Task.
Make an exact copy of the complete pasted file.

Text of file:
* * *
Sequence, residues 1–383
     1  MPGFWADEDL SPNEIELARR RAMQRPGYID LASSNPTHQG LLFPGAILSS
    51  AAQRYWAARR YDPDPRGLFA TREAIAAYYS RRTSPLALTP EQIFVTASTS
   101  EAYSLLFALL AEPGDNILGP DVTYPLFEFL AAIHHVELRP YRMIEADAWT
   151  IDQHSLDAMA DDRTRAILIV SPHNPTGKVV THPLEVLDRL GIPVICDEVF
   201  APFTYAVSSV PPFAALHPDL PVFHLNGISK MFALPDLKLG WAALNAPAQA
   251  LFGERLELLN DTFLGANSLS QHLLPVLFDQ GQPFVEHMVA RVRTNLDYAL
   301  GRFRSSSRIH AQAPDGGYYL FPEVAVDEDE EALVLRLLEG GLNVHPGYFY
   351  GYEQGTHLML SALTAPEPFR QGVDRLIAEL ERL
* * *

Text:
Sequence, residues 1–383
     1  MPGFWADEDL SPNEIELARR RAMQRPGYID LASSNPTHQG LLFPGAILSS
    51  AAQRYWAARR YDPDPRGLFA TREAIAAYYS RRTSPLALTP EQIFVTASTS
   101  EAYSLLFALL AEPGDNILGP DVTYPLFEFL AAIHHVELRP YRMIEADAWT
   151  IDQHSLDAMA DDRTRAILIV SPHNPTGKVV THPLEVLDRL GIPVICDEVF
   201  APFTYAVSSV PPFAALHPDL PVFHLNGISK MFALPDLKLG WAALNAPAQA
   251  LFGERLELLN DTFLGANSLS QHLLPVLFDQ GQPFVEHMVA RVRTNLDYAL
   301  GRFRSSSRIH AQAPDGGYYL FPEVAVDEDE EALVLRLLEG GLNVHPGYFY
   351  GYEQGTHLML SALTAPEPFR QGVDRLIAEL ERL